TROTWOOD, Ohio (WDTN) – As state officials lift some restrictions on sports, local school districts are working to decide how to proceed with their teams’ practices.
At a news conference Thursday, Lt. Gov. Jon Husted announced some scrimmages and full training for contact sports may resume starting Monday.
Monday marks the start of the second of three phases to fully resume athletic competition, Husted said. In late May, teams were allowed to resume skills training.
The basketball teams at Trotwood-Madison High School have been practicing since early June, with players trying to keep up their skills while also keeping a safe distance apart.
“I think it’s a good thing that we’re able to work out now because we’re able to bring up that team bonding,” said Courtney Blake, a senior on Trotwood’s basketball team.
According to the Ohio Department of Health, physical contact will only be allowed within the rules of the game, meaning no huddles or high-fives allowed. Social distancing of six feet is required of everyone off the field or court, and congregating before or after practice is not permitted.
“That’s a big leap from, again, the initial plan from Phase 1 and Phase 2 to now to having the ability to have contact,” said Frank Russo, Trotwood-Madison High School’s athletic director, of the new phase.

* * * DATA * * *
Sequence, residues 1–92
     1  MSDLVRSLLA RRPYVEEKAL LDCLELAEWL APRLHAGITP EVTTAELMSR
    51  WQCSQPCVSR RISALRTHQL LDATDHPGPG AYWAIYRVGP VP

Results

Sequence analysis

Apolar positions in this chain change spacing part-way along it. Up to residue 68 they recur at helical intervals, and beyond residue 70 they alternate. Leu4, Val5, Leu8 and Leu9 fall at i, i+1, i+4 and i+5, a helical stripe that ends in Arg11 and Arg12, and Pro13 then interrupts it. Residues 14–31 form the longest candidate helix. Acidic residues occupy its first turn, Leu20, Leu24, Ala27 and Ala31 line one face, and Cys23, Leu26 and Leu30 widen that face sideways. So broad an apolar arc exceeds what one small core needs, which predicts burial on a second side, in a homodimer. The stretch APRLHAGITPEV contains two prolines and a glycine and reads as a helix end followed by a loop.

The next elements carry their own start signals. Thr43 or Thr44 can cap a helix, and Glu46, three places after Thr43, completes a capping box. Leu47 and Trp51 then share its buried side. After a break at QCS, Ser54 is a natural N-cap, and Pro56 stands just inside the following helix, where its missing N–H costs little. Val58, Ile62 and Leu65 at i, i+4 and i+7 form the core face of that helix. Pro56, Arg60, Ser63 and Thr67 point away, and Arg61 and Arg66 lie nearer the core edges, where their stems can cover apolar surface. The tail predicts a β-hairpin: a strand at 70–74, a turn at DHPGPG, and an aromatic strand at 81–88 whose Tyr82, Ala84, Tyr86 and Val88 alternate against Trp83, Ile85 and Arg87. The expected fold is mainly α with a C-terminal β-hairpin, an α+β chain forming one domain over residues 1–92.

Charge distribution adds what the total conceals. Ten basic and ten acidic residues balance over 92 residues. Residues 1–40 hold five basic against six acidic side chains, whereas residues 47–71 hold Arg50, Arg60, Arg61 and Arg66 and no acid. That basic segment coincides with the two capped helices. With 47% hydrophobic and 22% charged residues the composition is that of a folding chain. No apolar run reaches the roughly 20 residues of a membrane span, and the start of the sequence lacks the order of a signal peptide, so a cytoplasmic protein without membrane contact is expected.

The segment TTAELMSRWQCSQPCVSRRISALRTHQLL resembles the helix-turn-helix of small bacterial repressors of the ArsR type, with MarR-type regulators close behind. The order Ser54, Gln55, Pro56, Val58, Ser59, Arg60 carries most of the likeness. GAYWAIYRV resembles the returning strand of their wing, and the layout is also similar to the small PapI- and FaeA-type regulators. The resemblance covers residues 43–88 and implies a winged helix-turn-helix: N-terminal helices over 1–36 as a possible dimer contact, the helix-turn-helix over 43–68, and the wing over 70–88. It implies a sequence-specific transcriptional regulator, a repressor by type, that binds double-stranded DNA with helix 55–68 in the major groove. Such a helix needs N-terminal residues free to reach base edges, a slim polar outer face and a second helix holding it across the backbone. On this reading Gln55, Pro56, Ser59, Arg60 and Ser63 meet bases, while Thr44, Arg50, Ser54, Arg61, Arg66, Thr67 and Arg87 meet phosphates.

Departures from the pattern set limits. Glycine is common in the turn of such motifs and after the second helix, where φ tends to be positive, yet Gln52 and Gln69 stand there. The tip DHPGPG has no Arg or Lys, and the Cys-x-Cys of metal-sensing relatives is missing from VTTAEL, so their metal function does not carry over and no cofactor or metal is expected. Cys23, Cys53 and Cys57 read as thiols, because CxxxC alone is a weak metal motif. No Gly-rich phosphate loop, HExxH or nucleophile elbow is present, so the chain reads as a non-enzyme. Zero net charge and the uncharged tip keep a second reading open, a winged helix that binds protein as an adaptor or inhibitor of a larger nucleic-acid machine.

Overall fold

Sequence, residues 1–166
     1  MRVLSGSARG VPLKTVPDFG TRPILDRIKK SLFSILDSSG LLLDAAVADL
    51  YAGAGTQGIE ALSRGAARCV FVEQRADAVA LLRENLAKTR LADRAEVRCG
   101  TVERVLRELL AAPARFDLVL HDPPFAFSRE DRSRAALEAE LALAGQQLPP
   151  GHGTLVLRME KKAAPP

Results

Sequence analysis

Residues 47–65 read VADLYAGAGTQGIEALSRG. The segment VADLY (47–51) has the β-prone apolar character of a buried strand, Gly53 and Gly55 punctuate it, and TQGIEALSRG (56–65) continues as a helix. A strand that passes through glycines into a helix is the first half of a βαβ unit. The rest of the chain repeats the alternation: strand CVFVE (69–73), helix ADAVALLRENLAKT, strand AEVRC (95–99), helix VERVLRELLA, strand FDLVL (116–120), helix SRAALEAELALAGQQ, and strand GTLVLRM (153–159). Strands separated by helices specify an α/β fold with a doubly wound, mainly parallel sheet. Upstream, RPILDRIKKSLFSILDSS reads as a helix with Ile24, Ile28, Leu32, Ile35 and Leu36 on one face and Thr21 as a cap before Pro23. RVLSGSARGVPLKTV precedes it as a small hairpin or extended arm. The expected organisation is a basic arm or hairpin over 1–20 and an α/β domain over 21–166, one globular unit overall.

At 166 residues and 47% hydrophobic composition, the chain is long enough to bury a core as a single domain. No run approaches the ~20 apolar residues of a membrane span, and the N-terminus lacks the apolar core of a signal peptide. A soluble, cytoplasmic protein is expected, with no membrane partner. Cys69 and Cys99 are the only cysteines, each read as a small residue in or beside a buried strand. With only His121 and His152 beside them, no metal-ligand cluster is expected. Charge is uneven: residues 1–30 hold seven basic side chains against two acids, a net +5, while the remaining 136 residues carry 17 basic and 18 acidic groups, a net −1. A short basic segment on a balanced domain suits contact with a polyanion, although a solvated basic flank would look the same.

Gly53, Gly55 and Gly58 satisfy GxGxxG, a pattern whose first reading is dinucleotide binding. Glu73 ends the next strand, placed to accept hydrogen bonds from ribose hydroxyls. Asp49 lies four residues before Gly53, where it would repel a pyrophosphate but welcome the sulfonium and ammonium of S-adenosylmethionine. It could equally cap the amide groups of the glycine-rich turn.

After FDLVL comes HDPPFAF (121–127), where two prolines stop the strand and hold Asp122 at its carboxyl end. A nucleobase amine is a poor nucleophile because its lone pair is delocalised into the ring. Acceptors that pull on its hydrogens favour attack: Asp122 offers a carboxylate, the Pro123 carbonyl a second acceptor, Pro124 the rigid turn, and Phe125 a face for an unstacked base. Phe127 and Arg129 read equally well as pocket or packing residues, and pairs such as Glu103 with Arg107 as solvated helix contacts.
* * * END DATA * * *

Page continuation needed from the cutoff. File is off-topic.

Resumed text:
Russo told 2 NEWS he is working with coaches and administrators to make a decision on how Trotwood’s teams should proceed.
The Ohio High School Athletic Association (OHSAA) worked with the Ohio Department of Health on the decision to move forward to the next phase of resuming athletics, Husted said.
Jerry Snodgrass, executive director of the OHSAA, told 2 NEWS he is working to form a task force to focus on plans for fall sports.
“The highest risk is taking kids from one geographic area to another geographic area,” Snodgrass said. “So we have to keep that in mind.”
Snodgrass said he feels “confident” about fall sports this year – but admitted there’s a lot of uncertainty.
Blake told 2 NEWS he remains optimistic about this year’s basketball season.
“We don’t know what’s going to come of the coronavirus, but I think we’re going to be able to play safely together,” Blake said. “As long as we take the right precautions.”
The OHSAA is sending updated guidance to school districts, Snodgrass said.
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